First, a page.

Depending on one’s state of residence, an IRA LLC can become expensive. There is the establishment fee, and some States have annual re-filing requirements. Trusts are not registered with the State, thus do not incur filing fees or ongoing renewal costs. 


Consider the LLC fees associated with the following States: 

  • State of California — $70 establishment with an $800 annual fee (commonly referred to as the “LLC tax”) for the LLC;
  • State of Delaware — $90 establishment with a $300 annual fee;
  • State of Florida — $125 establishment and approximately $140 per year to maintain;
  • State of Illinois — $500 establishment and $250 per year to maintain;
  • State of Massachusetts — $500 establishment and $500 per year to maintain;
  • State of Maryland — $100 establishment and $300 per year to maintain;
  • State of Nevada — $75 establishment and up to $500 per year to maintain;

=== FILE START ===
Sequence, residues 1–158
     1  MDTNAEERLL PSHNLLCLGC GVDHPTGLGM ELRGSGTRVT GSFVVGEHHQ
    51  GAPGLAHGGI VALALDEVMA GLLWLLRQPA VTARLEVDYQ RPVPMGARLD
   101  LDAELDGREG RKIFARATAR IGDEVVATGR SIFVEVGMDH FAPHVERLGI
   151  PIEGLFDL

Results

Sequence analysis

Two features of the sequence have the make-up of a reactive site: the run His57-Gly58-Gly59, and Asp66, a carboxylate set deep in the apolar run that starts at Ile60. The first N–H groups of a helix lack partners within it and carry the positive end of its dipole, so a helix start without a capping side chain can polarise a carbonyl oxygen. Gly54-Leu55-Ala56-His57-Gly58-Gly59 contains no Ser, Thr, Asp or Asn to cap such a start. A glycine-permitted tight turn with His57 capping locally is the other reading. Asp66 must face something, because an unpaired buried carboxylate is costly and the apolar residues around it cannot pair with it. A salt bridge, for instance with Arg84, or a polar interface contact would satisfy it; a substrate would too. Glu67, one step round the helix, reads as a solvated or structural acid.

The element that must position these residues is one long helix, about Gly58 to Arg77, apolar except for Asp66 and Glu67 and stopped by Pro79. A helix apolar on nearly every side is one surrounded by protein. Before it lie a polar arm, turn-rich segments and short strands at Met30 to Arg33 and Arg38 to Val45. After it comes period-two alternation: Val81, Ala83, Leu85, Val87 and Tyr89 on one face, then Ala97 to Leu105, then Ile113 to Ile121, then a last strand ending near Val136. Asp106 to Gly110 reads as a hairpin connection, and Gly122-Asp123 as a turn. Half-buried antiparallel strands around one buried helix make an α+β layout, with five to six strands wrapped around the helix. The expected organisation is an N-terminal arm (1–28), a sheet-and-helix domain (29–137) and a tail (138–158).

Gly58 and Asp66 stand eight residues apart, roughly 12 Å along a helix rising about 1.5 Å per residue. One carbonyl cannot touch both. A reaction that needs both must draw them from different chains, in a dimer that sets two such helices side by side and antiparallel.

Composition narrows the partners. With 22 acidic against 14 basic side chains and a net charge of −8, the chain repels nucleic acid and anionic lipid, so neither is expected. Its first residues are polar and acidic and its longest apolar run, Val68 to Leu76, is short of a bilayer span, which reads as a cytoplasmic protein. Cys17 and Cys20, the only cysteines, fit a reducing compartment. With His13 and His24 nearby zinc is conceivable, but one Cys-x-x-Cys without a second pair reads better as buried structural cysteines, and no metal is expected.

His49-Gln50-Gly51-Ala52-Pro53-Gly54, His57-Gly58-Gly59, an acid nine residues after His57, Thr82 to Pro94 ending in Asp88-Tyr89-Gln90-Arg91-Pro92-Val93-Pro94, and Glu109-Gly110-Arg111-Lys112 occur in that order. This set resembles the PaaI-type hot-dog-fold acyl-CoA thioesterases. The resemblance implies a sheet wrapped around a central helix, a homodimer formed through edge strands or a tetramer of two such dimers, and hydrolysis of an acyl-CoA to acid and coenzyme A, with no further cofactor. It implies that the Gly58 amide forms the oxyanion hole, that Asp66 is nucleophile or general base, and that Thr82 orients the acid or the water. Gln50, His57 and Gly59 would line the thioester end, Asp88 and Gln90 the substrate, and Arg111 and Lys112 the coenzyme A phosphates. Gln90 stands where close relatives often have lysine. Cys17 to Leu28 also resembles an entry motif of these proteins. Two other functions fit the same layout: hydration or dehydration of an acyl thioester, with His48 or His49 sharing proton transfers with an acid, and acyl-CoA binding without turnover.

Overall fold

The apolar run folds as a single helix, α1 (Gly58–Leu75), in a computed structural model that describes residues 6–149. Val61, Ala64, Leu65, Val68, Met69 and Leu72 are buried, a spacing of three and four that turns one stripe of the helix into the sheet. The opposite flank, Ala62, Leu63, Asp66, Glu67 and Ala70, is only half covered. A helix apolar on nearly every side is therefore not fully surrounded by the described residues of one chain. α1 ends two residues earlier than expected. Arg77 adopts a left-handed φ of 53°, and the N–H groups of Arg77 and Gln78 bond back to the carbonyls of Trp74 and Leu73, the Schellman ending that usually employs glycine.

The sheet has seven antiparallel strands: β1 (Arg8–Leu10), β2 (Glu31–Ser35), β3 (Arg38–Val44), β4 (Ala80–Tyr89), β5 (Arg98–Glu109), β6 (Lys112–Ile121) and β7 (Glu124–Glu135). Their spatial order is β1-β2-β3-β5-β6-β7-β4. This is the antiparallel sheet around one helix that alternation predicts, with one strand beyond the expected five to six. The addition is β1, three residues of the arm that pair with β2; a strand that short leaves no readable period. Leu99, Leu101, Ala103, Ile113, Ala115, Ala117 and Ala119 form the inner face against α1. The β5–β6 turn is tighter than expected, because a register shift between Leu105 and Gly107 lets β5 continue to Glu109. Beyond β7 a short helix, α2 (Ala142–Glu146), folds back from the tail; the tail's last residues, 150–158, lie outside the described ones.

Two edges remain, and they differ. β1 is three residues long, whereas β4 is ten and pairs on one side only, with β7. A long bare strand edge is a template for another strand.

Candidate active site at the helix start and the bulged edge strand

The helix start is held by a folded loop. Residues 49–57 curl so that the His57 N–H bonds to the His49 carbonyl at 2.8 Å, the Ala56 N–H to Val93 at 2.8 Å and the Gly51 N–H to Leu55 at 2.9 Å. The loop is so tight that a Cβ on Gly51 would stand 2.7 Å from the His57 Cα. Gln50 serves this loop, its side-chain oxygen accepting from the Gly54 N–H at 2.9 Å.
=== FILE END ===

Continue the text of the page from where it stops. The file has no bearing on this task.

• and,
  • State of Tennessee — $300 establishment and a minimum of $300 per year to maintain.


And, if your State is not listed here, perhaps you many still incur high fees. There are many States that have annual fees between $100 and $200. Obviously, if you operate the LLC for a period of 10 years, you could incur additional fees to the tune of $1,000 to $2,000. With the Trust, you escape these potentially high LLC costs. 

Every State has the requirement that an LLC must have a registered/statutory agent who has a physical mailing address in that State. The registered/statutory agent can be an individual or an entity. The registered agent’s address is a matter of public record, and the address to which people may deliver legal service documents. If you reside in the State in which you want to set up the LLC, you may serve as the agent. If the LLC is in a different State, you will need to arrange for a registered agent, which can be costly. 


Although not as common, some States aggressively collect fees, taxes, penalties, etc. for those residents who the State says should have secured the LLC in the State of residency of the LLC manager. For example, a California resident creates an LLC in neighboring Oregon to save money on the filing fee, then possibly receives correspondence from the California Franchise Tax Board that the CA resident owes the State of California $800 per year plus penalties only because they are a resident of CA. Fair? No. Does it happen? Yes.